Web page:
The Gastrointestinal Microbiome: A Bioindicator of Nutritional Status in Populations of Wild North American Moose (Alces alces)
American Association of Zoo Veterinarians Conference 2015
Lindsey M. Solden1; Erik Hildebrand2; Michelle Carstensen2, PhD; Rebecca A. Daly1; Barbara Wolfe3,4,5, DVM, PhD, DACZM; Kelly Wrighton1, PhD
1Department of Microbiology, The Ohio State University, Columbus, OH, USA; 2Wildlife Health Program, Minnesota Department of Natural Resources, Forest Lake, MN, USA; 3College of Veterinary Medicine, The Ohio State University, Columbus, OH, USA; 4The Columbus Zoo and Aquarium, Powell, OH, USA; 5The Wilds, Cumberland, OH, USA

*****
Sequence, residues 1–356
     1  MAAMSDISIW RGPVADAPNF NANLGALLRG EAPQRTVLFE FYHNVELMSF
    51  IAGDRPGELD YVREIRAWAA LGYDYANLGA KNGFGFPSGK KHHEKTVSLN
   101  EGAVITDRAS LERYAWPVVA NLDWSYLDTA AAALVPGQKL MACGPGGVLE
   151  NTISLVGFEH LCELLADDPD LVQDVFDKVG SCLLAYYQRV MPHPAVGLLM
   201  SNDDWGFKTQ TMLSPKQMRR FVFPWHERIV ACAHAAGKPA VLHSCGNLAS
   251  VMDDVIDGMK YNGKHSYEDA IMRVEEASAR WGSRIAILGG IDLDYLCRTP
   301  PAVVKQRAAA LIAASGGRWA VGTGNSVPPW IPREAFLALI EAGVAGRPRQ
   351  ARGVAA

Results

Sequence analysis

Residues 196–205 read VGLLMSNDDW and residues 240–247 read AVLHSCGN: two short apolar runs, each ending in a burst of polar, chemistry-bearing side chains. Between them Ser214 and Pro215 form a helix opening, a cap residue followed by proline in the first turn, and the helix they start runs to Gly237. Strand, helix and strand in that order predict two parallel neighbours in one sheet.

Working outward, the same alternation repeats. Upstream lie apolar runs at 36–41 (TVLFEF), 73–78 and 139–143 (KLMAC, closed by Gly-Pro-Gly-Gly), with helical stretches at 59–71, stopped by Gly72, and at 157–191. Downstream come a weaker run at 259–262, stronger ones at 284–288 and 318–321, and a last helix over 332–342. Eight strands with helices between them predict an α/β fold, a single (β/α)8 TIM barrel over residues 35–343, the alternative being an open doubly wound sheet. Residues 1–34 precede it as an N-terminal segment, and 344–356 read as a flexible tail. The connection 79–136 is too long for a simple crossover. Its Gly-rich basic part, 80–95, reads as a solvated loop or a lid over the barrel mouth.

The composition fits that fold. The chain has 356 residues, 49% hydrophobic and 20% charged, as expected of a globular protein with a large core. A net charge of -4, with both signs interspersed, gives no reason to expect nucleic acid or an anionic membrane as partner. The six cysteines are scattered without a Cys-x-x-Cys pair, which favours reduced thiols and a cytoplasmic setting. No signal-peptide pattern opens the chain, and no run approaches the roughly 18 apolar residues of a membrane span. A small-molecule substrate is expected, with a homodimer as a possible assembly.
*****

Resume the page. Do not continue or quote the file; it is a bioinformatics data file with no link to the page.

North American moose (Alces alces) are experiencing dramatic population declines in the southern portions of their range in the United States. Recent surveys of northeast Minnesota suggest a 52% population decline from 2006 to present. Researchers have suggested the declines in Minnesota’s moose are health related, including diseases, parasites, and undernutrition. Moose in captivity are also experiencing nutritional problems, including weight loss, gastritis, and diarrhea. Despite the vital role the rumen microbial community plays in host nutrition, few studies have examined microbial colonization along the entire gastrointestinal tract (GIT) in these sensitive populations. To characterize the microbiomes of wild Minnesota moose, we opportunistically collected samples (rumen, reticulum, omasum, abomasum, small intestine, colon, feces) from each of 12 moose that died in 2014, four of which were cachectic. The microbial community membership and diversity were analyzed with Illumina amplicon sequencing of the V4 region of the 16S rRNA gene. These samples were compared to the entire GIT microbiome from three Columbus Zoo moose calves experiencing gastritis and diarrhea prior to death. Our preliminary data suggest that the rumen microbiome of both wild and captive moose in poor nutritional condition is distinct from that of moose in a normal weight range. The microbial community colonizing the rumen tissue of both wild and captive cachectic moose from different regions shares the dominance of a single bacterial taxon (Neisseriales). This taxon is found in low proportions in the healthy moose rumen and may represent a microbial bioindicator for assessing nutritional status of wild and captive moose.